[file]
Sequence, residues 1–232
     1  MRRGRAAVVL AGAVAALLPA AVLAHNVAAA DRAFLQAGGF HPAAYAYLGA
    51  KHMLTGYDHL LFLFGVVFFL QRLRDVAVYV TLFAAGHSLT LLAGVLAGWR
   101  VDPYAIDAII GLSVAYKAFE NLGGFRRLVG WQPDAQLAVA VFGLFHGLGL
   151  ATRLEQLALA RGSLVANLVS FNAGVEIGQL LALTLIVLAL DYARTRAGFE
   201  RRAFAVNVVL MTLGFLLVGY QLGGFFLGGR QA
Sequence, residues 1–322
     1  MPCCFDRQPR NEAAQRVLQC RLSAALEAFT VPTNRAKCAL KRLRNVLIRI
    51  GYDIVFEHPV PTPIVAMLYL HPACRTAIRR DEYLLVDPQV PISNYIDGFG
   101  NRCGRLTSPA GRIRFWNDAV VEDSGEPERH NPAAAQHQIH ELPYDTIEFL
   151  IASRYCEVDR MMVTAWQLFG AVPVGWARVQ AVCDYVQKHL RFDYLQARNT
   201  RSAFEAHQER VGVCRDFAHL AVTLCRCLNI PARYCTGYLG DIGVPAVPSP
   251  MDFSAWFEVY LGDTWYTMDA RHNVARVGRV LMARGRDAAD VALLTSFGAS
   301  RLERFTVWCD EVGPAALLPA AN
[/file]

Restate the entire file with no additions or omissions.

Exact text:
Sequence, residues 1–232
     1  MRRGRAAVVL AGAVAALLPA AVLAHNVAAA DRAFLQAGGF HPAAYAYLGA
    51  KHMLTGYDHL LFLFGVVFFL QRLRDVAVYV TLFAAGHSLT LLAGVLAGWR
   101  VDPYAIDAII GLSVAYKAFE NLGGFRRLVG WQPDAQLAVA VFGLFHGLGL
   151  ATRLEQLALA RGSLVANLVS FNAGVEIGQL LALTLIVLAL DYARTRAGFE
   201  RRAFAVNVVL MTLGFLLVGY QLGGFFLGGR QA
Sequence, residues 1–322
     1  MPCCFDRQPR NEAAQRVLQC RLSAALEAFT VPTNRAKCAL KRLRNVLIRI
    51  GYDIVFEHPV PTPIVAMLYL HPACRTAIRR DEYLLVDPQV PISNYIDGFG
   101  NRCGRLTSPA GRIRFWNDAV VEDSGEPERH NPAAAQHQIH ELPYDTIEFL
   151  IASRYCEVDR MMVTAWQLFG AVPVGWARVQ AVCDYVQKHL RFDYLQARNT
   201  RSAFEAHQER VGVCRDFAHL AVTLCRCLNI PARYCTGYLG DIGVPAVPSP
   251  MDFSAWFEVY LGDTWYTMDA RHNVARVGRV LMARGRDAAD VALLTSFGAS
   301  RLERFTVWCD EVGPAALLPA AN